Saturday, December 17, 2011

Einstein’s theory of general relativity , and Einstein’s theory of photoelectric effect

Einstein’s theory of general relativity :
  The interactions of mass (as related to gravitational force) are really the influence of bodies (masses) on the geometry of space and time.
Space and time are affected by gravity.

This theory is grounded on two main ideas: that the speed of light is a universal constant in all frames of reference and that gravitational fields are equivalent to acceleration for all frames of reference within the space-time continuum.
    The first proofs of the general theory of relativity came from astronomy. It explained the previously unknown reason for the variations in the motions of the planets. The theory then was used to predict the bending of starlight as it passed massive bodies, such as the sun, and as it was detected during a total eclipse.

   The theory also predicted that electromagnetic radiation in a strong gravitational field would shift the radiation to longer wavelengths. This was demonstrated by using the Mössbauer effect, which predicts the effects of a strong gravitational field on radiation. An experiment using a strong source of gamma radiation was set up just seventy five feet above Earth to measure the gamma rays as they approached the surface of Earth. A minute lengthening of gamma rays (very short wavelength electromagnetic radiation) caused by the gravity of Earth was detected, thus confirming the theory. 
Einstein’s theory of photoelectric effect 
Photoelectric effect :
The process in which visible  light, x rays, or gamma rays incident on matter cause an electron to be ejected. The ejected electron is called a photoelectron.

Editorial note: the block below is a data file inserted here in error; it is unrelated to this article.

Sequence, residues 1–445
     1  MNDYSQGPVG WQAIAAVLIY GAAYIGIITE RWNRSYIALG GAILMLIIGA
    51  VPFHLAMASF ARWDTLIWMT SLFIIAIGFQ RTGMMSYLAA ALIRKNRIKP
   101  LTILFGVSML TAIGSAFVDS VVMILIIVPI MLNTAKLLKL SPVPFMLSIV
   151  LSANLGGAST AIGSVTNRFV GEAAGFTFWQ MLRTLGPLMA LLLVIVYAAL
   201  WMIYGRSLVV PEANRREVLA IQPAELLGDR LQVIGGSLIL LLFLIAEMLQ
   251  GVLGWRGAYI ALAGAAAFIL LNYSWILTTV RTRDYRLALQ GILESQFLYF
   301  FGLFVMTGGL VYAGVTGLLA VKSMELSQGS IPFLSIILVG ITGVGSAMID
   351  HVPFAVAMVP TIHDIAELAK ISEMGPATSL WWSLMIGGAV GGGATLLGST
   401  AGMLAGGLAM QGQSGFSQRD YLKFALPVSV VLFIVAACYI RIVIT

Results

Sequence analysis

In 1907 Einstein was awarded the Nobel Prize in physics for his explanation of the photoelectric effect.
Einstein’s explanation of the photoelectric effect was very simple. He assumed that the kinetic energy of the ejected electron was equal to the energy of the incident photon minus the energy required to remove the electron from the material, which is called the work function. Thus the photon hits a surface, gives nearly all its energy to an electron and the electron is ejected with that energy less whatever energy is required to get it out of the atom and away from the surface.
    The energy of a photon is given by : 
E = hg = hc/l where g is the frequency of the photon, l is
the wavelength, and c is the velocity of light.

This applies not only to light but also to x rays and gamma rays. Thus the shorter the wavelength the more energetic the photon.

Many of the properties of light such as interference

and diffraction can be explained most naturally by a

wave theory while others, like the photoelectric effect,

can only be explained by a particle theory. This peculiar

fact is often referred to as wave-particle duality and can

only be understood using quantum theory which must be

used to explain what happens on an atomic scale and

which provides a unified description of both processes.
Some applications of the photoelectric effect :
The photoelectric effect has many practical applications which include the photocell, photoconductive devices and solar cells. A photocell is usually a vacuum tube with two electrodes. One is a photosensitive cathode which emits electrons when exposed to light and the other is an anode which is maintained at a positive voltage with respect to the cathode. Thus when light shines on the cathode, electrons are attracted to the anode and an electron current flows in the tube from cathode to anode. The current can be used to operate a relay, which might turn a motor on to open a door or ring a bell in an alarm system.
Resources : Encyclopedia of Scientific Principles, Laws, and Theories , The Gale Encyclopedia of Science, , , .